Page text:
30 December 2014
As with all my life lessons, I had to learn how to pace design and development studies the hard way.
Becoming a web designer has been one of the more enjoyable and exciting decisions I have made. I love it. I feel guilty each day being able to do this for “work”. I literally jump out of bed most days (not all, I’m not a monster) excited to get started.
Web design and development is truly unique and amazing in that people love to share and teach what they know. You can absorb everything you need to know to get started without attending a single class or spending a dime; an endless stream of highly accessible information. It’s exciting, powerful, and all-consuming.
Learning how to manage this excitement, however, was one of the bigger challenges I faced in 2014.
At the beggining of 2014 I was working especially hard to advance my CSS and SVG skills. Responsive design? SMIL animations? I needed to know all of it in and out as soon as possible. Or, at least I thought I did. Have an idea? Write about it before someone else does! Have a concept for a neat demo? Stay up all night building it! How can I rest if I need to learn more about grids?!
This was my thinking, and it was exhausting. Sure, it was a lot of fun and I learned tons in a very short period of time, but it just wasn’t a sustainable lifestyle for me at all. I would lose sleep to dig deep into a topic just to emerge from the haze realizing that it really was just the tip of the iceberg. It felt like running in place.
I didn’t feel any closer to achieving my goals. It’s never ending. There is always so much to learn. I gave up hobbies to produce more study time. I declined social outings, because surely this time would be better spent making or learning something?
I made lists. Lots of lists. I can’t move forward until I learn more about: ____. But how much do you need to learn about something before it feels appropriate to check it off a list? Surely I would need to know all about something before crossing it off, such a definitive action. My standards for what constitutes being able to cross one of these items off was too high and the list was growing each day. I couldn’t reach it anymore.
When this notorious list got to be about as tall as I am, I couldn’t help but ask myself “What’s the point? Should I even bother?” I will never know everything in this field. Probably not even close … so why even try?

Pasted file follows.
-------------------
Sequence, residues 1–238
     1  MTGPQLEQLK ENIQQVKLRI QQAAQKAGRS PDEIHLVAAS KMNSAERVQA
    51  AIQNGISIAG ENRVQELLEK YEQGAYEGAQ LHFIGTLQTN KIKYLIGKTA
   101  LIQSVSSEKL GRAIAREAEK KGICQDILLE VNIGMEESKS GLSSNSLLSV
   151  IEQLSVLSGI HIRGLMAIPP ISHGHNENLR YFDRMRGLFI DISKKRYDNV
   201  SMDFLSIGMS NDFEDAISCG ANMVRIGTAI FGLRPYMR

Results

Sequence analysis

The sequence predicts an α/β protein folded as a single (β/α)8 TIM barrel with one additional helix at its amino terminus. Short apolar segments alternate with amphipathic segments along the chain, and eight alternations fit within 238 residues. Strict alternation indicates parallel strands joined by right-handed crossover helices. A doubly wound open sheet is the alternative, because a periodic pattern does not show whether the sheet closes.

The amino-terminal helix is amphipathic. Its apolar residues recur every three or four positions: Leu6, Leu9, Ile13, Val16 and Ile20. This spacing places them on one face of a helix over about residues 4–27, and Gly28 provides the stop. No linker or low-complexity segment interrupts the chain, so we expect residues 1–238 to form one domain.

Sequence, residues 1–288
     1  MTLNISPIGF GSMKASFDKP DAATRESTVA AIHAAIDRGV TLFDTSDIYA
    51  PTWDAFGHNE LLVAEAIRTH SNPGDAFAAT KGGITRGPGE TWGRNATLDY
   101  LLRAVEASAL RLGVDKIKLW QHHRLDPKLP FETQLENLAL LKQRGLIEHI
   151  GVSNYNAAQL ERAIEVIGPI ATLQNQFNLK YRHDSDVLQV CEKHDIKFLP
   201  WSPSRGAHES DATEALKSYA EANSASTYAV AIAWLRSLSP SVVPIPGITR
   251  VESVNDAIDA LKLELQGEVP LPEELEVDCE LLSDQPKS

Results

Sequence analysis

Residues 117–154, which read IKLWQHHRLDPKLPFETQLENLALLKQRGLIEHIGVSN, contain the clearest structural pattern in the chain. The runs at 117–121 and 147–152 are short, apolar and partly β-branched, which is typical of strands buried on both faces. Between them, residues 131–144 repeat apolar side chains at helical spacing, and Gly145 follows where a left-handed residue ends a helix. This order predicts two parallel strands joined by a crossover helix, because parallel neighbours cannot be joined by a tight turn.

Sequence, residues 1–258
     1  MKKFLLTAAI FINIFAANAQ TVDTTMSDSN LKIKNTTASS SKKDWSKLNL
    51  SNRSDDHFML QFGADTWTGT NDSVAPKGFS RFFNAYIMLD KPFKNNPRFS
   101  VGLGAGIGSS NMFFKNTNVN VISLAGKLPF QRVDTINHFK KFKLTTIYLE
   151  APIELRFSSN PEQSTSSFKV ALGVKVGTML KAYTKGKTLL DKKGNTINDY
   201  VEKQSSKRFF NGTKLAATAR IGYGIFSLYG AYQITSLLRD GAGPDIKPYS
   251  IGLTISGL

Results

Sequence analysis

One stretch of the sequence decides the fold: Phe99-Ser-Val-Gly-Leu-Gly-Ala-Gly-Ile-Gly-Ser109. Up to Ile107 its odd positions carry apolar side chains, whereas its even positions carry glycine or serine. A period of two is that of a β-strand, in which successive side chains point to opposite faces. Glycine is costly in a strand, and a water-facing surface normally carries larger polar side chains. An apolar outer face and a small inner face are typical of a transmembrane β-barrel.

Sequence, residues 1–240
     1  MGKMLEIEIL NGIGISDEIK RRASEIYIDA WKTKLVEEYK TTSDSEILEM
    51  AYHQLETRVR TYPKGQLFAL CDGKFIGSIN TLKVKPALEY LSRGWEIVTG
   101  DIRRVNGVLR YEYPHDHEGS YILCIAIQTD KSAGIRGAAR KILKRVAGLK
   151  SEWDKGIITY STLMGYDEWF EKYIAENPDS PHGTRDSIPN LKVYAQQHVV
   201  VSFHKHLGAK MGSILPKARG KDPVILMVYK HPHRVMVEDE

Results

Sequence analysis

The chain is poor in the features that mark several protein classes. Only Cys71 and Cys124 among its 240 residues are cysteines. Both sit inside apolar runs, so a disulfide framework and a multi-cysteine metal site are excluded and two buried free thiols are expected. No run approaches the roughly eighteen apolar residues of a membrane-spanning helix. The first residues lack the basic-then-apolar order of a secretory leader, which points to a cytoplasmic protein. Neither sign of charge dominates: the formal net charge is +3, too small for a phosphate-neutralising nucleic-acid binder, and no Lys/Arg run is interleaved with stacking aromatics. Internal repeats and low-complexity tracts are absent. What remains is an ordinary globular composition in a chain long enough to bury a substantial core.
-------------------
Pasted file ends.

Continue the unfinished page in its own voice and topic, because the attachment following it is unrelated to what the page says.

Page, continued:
It became so deflating. Towards the end of the year I realized that I simply may never feel like “I got this” or have the amount of confidence in my work that would solidify, in my mind, my title as a real “web designer”.
As a result of all this I started to slow down. That list was just too heavy to carry around. I needed to catch my breath, all the while terrified of what my near absence from my working world would do. Surely I would be punished in some way? Fall behind so much I would never be able to catch up?
But to my surprise, nothing terrible happened.
Twitter can be especially draining. A nicely laid out newsfeed to remind you of how little you actually know. So I shut it off. The design and development world kept going. People kept publishing and building, but I took dedicated time to tune it out so I could knit something I will never wear. So I could work on my allergy friendly food blog again. So I could just be with family without a computer between us.
Slowly, I began to realize that it’s OK not to rush this. It’s OK not to know everything right away. It’s OK to take a break, to shut it all off once in a while. To have hobbies outside of the web. To learn things at your own pace.
I now try to remind myself about how neat it is that there is in fact always something new to learn. A thing to be celebrated and not carried around on our shoulders, weighing us down and eventually leaving us immobile. My ideal career, I always joked, was to be a student forever and luckily in this field I will be just that.
My goals for 2015 will still be to learn and develop my skills as much as possible while documenting things as I go, but I also want to learn how to play piano, read some more fiction, and take more naps.